Wednesday, 11 July 2018
Regency A/B/C (Hyatt Regency Vancouver)
In situ measurements of the composition of the residuals of heterogeneously formed cirrus crystals have indicated a substantial abundance of sea salt in sampling regions above the ocean. Independent laboratory measurements have confirmed that inorganic sea salt aerosol (SSA) particles are capable of acting as ice-nucleating particles (INPs) at cirrus temperatures. Most recently, we have used the AIDA (Aerosol Interaction and Dynamics in the Atmosphere) cloud chamber of the Karlsruhe Institute of Technology to obtain a comprehensive data set for the ice nucleation efficiencies of particles generated from two commercially available sea salt proxies (Instant Ocean sea salt and Sigma Aldrich sea salt) and from a bulk Atlantic water sample in the temperature range from 235 to 200 K. The mixed-phase (solid/liquid) SSA particles were found to act as INPs in the immersion freezing mode at temperatures below about 220 K, with freezing onsets in terms of the ice saturation ratio, Sice
, between 1.24 and 1.42 for temperatures between 219 and 202 K. Above 220 K, the SSA particles fully deliquesced and nucleated ice homogeneously.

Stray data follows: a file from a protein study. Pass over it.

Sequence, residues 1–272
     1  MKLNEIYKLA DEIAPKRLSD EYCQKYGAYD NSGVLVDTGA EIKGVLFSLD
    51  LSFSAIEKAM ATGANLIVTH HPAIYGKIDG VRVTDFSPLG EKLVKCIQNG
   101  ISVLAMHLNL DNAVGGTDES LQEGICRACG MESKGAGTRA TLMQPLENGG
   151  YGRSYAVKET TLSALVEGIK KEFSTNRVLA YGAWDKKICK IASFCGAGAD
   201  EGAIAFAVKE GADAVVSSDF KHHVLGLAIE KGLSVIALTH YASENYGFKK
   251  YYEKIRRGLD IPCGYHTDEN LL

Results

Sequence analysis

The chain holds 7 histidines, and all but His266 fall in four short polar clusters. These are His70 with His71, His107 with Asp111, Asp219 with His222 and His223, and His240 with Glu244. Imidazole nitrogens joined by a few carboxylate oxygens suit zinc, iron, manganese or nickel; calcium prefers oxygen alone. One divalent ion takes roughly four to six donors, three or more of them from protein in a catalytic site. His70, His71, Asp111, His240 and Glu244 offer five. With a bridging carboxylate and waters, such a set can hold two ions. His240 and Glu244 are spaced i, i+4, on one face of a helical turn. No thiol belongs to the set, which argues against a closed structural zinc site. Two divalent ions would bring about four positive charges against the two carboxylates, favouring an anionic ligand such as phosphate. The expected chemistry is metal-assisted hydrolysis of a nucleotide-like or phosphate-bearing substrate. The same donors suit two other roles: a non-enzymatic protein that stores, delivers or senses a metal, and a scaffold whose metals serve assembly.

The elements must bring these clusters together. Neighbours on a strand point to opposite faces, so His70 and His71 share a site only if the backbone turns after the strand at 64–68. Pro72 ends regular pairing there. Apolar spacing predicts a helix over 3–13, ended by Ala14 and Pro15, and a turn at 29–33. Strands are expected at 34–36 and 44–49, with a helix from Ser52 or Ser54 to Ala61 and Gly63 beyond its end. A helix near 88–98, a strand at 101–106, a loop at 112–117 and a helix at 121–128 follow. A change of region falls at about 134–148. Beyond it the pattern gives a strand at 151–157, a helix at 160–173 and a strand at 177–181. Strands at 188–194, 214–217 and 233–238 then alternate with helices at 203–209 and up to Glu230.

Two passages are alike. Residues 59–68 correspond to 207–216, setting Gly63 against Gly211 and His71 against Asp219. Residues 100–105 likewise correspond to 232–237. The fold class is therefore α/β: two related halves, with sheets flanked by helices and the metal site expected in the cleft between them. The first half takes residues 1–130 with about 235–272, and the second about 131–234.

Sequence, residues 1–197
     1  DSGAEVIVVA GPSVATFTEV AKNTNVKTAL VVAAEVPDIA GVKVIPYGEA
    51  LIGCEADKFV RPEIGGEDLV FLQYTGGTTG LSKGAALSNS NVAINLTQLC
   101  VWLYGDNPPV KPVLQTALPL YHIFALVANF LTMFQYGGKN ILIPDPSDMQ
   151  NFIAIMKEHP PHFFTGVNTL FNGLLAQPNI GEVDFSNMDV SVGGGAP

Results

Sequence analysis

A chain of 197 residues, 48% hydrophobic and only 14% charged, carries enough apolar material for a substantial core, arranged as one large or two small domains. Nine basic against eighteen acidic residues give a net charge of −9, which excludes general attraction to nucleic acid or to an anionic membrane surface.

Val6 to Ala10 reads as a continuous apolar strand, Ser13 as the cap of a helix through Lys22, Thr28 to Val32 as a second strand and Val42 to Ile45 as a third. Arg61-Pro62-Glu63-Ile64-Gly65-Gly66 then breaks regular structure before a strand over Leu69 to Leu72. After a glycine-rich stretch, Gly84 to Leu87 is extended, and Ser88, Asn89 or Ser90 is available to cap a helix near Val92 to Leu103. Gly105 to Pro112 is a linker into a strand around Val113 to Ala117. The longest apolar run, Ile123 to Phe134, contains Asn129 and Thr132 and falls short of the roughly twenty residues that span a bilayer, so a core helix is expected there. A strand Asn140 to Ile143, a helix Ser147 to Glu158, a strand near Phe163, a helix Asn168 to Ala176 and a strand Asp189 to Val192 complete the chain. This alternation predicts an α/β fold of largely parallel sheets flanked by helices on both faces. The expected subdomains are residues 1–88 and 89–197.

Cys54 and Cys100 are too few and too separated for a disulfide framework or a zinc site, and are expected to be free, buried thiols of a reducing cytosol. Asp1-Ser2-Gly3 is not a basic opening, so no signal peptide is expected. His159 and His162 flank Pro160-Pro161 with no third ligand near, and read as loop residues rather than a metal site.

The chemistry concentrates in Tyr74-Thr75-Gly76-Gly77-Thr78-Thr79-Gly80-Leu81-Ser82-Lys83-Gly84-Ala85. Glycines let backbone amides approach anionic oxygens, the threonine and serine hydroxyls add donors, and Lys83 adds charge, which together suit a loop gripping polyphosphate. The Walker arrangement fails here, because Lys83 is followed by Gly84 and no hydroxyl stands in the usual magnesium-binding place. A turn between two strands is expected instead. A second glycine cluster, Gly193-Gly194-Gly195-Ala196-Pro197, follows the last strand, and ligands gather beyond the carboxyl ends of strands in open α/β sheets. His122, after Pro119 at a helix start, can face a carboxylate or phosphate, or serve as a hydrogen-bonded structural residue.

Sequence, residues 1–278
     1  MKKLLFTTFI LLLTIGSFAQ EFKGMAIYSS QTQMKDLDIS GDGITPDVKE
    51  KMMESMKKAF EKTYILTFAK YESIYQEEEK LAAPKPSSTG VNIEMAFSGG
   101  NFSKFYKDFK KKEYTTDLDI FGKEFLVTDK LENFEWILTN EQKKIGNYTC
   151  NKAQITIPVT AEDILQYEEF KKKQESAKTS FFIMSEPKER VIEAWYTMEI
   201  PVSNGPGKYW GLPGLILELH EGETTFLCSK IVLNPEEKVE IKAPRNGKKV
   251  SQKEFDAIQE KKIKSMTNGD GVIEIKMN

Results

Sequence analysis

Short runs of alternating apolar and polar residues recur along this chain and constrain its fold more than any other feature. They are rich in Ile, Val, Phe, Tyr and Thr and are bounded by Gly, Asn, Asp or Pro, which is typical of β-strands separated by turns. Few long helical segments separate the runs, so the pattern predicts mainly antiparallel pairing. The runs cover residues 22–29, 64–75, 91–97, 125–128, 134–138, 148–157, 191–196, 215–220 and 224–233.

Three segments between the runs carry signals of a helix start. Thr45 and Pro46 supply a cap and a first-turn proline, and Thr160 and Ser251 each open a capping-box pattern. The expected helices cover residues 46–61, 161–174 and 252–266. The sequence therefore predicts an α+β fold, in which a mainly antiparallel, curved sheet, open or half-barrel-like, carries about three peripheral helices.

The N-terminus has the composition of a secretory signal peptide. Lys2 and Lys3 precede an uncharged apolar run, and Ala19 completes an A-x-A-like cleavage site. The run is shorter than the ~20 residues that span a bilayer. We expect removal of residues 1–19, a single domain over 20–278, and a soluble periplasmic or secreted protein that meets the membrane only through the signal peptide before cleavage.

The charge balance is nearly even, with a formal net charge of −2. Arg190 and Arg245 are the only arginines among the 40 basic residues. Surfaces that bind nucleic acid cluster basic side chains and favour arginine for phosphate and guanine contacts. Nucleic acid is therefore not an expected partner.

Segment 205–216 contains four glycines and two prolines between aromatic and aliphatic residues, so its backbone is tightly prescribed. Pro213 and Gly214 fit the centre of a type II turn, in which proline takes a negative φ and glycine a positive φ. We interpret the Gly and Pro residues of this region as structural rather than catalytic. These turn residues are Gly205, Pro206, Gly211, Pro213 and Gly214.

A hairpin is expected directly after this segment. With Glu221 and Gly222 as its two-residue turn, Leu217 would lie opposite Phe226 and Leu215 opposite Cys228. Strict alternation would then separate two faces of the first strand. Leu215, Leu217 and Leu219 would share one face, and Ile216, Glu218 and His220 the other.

In the present contribution, we explore how the ice nucleation ability of the SSA particles at cirrus temperatures changes if particles enriched in organic matter or biological material are present. It is well known that during phytoplankton blooms, SSA particles enriched in biogenic material can be generated at the air-sea interface via the bubble-bursting process. Numerous studies have shown that organic matter in the sea surface microlayer is capable of nucleating ice via immersion freezing in low-altitude mixed-phase clouds. In contrast, the number of investigations that have addressed the impact of organic matter on the efficiency of the heterogeneous freezing mode of SSA particles at cirrus temperatures is still limited. In a new series of expansion cooling experiments at the AIDA facility, we have therefore probed the low-temperature ice nucleation behavior of a marine diatom species (Skeletonema marinoi) and a variety of sea surface microlayer samples collected during several Arctic Ocean research cruises. Results from this campaign along with the potential implications are presented.
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